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Is This the Key to Successful Opioid Recovery?

With the rampant abuse and addiction to opioids, it can be difficult to pinpoint one single cause or a specific solution that will help people quit. People may start using opioids for a number of different reasons depending on their situation and there can be a wide range of factors that can be helpful in recovery. However, one common theme in many situations with opioid abuse is the workplace and employment.

Is This the Key to Successful Opioid Recovery?

The opioid epidemic is currently creating a crisis in the workplace in a number of different ways. People who are injured on the job and are given prescription opioids may start to become addicted. Some may need to take time off work because of their injury and end up losing their job because of their absence.

Employment or issues with employment may be one of the keys involved in the opioid crisis for many Americans. Those struggling with addiction may find it difficult to find work which causes them to continue their drug abuse. The cycle of job loss and unemployment is something to consider in both the causes of opioid addiction and solutions for recovery.

Employment and the Opioid Crisis

The workforce and the rising opioid epidemic have become two closely connected issues that influence each other. Drug addiction, especially opioid abuse, has been a significant factor in the slow recovery of the employment economy. Addiction has also led to stagnant labor markets and has proven to be very costly to the U.S.

There also have been rising issues of employees struggling with opioid addiction who are failing to perform well on the job. Others are unable to find gainful employment because they cannot pass the employer’s drug test, leaving a shortage of employees for some companies. Even those who had been successful employees in the past are starting to struggle at work when they develop an opioid addiction.

Another issue related to employment is that many individuals who are dealing with an addiction may find it hard to get back on their feet if they have lost their job. Once their opioid abuse progresses it may cause them to lose their employment and be unable to find more work due to their issues with drugs. The use of opioids is one of the key factors driving issues with unemployment which leads to even more drug use.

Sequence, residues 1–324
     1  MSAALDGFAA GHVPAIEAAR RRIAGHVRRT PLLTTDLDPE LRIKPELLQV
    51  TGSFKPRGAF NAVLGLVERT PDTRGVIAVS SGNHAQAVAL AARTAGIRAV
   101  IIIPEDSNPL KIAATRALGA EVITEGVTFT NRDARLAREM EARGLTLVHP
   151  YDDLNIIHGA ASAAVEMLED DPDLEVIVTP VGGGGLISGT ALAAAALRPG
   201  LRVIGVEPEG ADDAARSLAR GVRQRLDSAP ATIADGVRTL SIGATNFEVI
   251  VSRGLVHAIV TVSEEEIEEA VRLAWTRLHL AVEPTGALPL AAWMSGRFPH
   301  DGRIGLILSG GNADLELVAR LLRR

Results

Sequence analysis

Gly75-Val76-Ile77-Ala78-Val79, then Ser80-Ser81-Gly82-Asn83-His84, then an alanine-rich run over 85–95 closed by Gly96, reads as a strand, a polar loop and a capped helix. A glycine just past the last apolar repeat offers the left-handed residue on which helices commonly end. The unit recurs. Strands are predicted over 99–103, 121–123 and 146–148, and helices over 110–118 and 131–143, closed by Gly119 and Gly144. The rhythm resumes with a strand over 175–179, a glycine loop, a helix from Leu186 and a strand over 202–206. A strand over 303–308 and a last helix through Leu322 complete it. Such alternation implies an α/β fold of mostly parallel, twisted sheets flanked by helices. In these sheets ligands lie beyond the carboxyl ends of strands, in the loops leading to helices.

Getting Sober and Back to Work

One of the biggest factors in resolving issues with addiction is finding steady employment that can be maintained through sobriety and dedication to a strong work ethic. People going through opioid recovery need to learn how to work again be able to perform well on the job. Someone who is able to stay committed to a stable work schedule is much less likely to experience a relapse.

Working is a part of a healthy daily routine and it is crucial for people in recovery no matter what they are going through. Going to work for regular hours gives people a sense of purpose and helps them avoid boredom and too much free time which can be dangerous for people with addictive tendencies. Having a job helps people be more productive in general and less likely to slip into inactivity and depression.

For many people dealing with opioid addictions, their lack of employment could have contributed greatly to their situation. Being unemployed can have a negative impact on self-worth and lead to feelings of depression and anxiety. Some might turn to self-medication through legal or illegal substances to help alleviate their distress.

Once someone is able to work again it can help boost their confidence and make them more self-reliant. They will find it easier to avoid issues such as self-medication because they have less worries and self-esteem problems overall. Of course being employed is not the only factor in recovery success but it is crucial for someone to find work in order to combat their addiction.

Recovery is a long process and the first step is always entering detox and treatment. Many rehab programs offer assistance with helping patients find employment either during or after their stay in the program. This kind of assistance is often necessary for people who haven’t worked for some time due to their issues with addiction.

For those that struggle with opioid abuse, it is crucial to work on sobriety first before returning to work. Working while still addicted to drugs is dangerous both for addiction and your ability to continue your employment. Once you are healthy and sober then returning to work will be a crucial step in maintaining your new lifestyle.

Making efforts to reduce opioid abuse can help improvement the employment situation in the U.S. and having more work opportunities for those in recovery may help combat the opioid epidemic.

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